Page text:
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Thread: RE: Recommended method for identifying a line in an "Accessible P DF"


Number of posts in this thread: 2 (In chronological order)

From: julian.rickards@ndm.gov.on.ca
Date: Fri, Feb 21 2003 2:42PM
Subject: RE: Recommended method for identifying a line in an "Accessible P DF"
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> Really? I think I must have missed some arguments in the
> discussion. Joe
> Clark's (sic) _book_ suggests alternatives like alt="--" for
> decorative
> horizontal lines, which isn't a good idea in my opinion but
> at least has
> some arguments to support it (text-only browsers). But what
> could possibly
> be the justification of alt="horizontal line"? It looks
> foolish on text
> only browsers. It sounds foolish (and potentially confusing)
> in speech.
> It's completely pointless when rendered by a graphic browser
> in no-images
> mode. What _could_ be the justification?

Ok, maybe I made a mistake with regard to the author of the suggestion - I
checked the archives but they are a couple of weeks behind. If I have
attributed the suggestion to the wrong person, my appologies.

However, the original message was with regard to inserting alt text in an
accessible PDF, not a HTML document. My thoughts were that perhaps "---" (my
original alt text) may not be the best alt text so I was prodding this group
for another suggestion. Since the line was not a divider between sections,
"Next section" did not seem right. The line is decorative but without an alt
text, the Accessibility Checker plugin in Acrobat flagged it as being
without alt text.


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From: Terence de Giere
Date: Tue, Feb 25 2003 2:32PM
Subject: Re: Recommended method for identifying a line in an "Accessible PDF"
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Some days ago we were discussing the 'proper' way to identify a
horizontal line in an accessible PDF file, in particular a decorative
line. Presumably the goal is to get the accessibility checker in Acrobat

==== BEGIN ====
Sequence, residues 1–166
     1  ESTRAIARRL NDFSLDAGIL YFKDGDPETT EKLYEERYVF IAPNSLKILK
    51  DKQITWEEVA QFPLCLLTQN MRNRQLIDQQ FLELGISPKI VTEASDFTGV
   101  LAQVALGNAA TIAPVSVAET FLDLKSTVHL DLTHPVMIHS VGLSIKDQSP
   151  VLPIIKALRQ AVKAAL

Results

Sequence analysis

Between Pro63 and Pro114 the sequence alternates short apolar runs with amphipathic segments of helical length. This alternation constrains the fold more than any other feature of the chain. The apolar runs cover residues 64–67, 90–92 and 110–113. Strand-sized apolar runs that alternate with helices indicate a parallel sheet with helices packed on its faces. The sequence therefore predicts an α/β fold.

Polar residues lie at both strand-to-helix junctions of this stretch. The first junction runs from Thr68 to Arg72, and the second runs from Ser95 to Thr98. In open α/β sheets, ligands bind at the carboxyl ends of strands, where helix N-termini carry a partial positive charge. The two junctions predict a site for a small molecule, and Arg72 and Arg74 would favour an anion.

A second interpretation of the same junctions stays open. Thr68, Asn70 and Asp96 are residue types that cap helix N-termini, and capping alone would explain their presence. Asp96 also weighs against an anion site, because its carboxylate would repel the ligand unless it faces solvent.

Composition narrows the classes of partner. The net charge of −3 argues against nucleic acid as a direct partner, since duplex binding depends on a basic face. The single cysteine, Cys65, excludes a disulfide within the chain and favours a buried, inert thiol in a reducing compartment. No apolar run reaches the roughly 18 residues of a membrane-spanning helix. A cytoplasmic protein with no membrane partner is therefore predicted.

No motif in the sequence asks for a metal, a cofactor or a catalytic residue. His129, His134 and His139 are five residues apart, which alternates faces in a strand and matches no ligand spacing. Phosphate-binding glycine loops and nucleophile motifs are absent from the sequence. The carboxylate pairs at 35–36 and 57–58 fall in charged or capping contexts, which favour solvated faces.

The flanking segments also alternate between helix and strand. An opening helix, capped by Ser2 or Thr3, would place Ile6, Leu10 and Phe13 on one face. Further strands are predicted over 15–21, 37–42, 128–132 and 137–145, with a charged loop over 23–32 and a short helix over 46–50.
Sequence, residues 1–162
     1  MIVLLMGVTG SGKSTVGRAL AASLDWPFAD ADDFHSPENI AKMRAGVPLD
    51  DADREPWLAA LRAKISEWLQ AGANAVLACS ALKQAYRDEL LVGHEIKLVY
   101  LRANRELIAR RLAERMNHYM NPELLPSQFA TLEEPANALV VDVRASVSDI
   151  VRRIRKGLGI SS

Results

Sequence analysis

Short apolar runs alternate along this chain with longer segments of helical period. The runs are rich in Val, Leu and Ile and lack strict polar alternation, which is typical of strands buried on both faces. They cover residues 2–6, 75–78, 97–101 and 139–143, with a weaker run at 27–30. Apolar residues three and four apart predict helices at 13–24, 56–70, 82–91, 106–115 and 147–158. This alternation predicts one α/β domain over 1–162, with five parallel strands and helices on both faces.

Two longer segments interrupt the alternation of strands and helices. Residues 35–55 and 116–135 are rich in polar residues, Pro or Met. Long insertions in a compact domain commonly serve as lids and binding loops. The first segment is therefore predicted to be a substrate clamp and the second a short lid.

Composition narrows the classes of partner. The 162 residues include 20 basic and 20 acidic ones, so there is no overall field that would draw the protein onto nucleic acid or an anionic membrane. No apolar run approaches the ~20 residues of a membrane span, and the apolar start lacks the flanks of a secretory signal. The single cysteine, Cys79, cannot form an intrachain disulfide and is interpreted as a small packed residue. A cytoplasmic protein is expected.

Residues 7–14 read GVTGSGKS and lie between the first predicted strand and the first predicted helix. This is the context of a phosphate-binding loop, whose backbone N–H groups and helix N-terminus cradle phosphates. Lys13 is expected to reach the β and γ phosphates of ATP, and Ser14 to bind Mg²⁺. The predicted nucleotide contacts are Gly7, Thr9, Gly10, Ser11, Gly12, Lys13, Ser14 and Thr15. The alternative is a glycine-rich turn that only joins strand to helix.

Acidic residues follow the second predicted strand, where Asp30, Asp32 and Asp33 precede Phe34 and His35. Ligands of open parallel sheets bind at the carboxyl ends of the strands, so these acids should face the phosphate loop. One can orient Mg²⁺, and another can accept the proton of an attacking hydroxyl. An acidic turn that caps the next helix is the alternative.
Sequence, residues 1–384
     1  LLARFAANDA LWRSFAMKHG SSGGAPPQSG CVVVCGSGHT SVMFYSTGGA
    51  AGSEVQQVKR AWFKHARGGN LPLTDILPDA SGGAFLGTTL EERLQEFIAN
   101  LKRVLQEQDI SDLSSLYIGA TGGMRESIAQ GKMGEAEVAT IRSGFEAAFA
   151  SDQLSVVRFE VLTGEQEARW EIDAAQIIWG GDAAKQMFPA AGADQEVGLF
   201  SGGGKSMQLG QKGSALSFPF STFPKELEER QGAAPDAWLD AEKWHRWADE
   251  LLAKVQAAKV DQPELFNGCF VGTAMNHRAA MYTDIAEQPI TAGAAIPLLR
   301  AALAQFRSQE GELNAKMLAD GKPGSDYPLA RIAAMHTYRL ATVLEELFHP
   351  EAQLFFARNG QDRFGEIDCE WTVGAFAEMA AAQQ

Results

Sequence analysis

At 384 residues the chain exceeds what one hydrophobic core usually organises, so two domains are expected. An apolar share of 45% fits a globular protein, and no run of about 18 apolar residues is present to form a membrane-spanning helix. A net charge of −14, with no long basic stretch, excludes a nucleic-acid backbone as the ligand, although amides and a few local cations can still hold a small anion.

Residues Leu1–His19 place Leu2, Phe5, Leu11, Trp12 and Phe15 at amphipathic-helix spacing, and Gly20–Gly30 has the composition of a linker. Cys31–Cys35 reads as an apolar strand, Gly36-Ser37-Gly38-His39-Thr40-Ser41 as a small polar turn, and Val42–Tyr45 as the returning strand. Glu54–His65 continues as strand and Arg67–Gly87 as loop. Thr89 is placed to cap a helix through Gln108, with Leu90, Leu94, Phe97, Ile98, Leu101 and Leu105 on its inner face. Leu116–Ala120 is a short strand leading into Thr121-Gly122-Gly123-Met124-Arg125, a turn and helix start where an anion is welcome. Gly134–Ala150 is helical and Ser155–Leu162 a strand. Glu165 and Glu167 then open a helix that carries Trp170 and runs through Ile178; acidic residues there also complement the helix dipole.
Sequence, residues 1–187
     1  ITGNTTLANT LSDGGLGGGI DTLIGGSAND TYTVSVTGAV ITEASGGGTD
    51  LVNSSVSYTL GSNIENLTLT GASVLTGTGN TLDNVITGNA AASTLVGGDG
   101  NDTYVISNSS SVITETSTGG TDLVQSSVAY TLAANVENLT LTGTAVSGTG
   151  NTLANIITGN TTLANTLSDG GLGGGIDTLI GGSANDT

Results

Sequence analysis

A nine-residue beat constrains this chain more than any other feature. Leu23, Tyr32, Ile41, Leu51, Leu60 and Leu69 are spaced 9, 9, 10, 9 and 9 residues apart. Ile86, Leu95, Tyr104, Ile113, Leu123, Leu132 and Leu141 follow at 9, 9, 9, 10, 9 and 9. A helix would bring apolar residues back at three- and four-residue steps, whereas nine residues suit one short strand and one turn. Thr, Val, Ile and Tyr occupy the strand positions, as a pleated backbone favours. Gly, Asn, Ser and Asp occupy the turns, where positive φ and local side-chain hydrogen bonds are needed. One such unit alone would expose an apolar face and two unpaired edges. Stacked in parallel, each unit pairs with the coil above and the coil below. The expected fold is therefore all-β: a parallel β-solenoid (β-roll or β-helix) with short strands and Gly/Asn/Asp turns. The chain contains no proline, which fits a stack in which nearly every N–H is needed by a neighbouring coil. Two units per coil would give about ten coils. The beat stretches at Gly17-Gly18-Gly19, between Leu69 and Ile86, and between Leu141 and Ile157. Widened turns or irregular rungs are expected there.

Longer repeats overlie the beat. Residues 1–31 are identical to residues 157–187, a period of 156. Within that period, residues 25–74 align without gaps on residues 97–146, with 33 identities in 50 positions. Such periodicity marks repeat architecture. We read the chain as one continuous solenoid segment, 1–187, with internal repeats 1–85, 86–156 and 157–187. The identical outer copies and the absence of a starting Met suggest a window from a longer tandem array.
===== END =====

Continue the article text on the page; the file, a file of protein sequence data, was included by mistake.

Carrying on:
to sign off with no problems listed.

As with other kinds of accessibility checkers such as for HTML, a good
accessible file may nonetheless generate error messages, or list items
in a page that need to be looked at, but which in the end do not need to
be fixed. For example, the absence of the TABINDEX attribute for HTML
form elements is acceptable if the form elements are logically
sequenced, but the checker will always flag it as a 'problem'. Basically
to do this for images and lines in Acrobat PDF files one needs to add
alternate text (and one can use a blank space if no text is needed for a
decorative item). This will clear the problem with the accessibility
checker. However, Adobe does not think that it is always necessary to
get a clear passing grade with the Acrobat accessibility checker:

"Note that the Accessibility Checker might report problems with elements
in a tagged Adobe PDF file that are things you can safely ignore. For
example, it might report that there are images in the file that do not
have alternate text. However, if these images are just the decorative
borders on the page, they would be unnecessary for someone with a vision
impairment, and would not require alternate text. Similarly, the
Accessibility Checker might report that a running header is not part of
the structure tree. Again, you could leave this as is, since you don't
need this information to be vocalized by a screen reader." ---from "How
to Create Accessible PDF files", Adobe Systems Incorporated

Thus we have the option to ignore the advice of the Acrobat checker, but
normally it is more comfortable if one gets a clear pass because then
others who might analyze the file would not have to pick through the
contested items manually to pass off on the test. This also might bring
up legal issues in some contexts. If the file does not pass an
accessibility test, some slimy lawyer might want to take you to court,
and if this is a possibility, then the less ambiguity in the test
result, the better.

Terence de Giere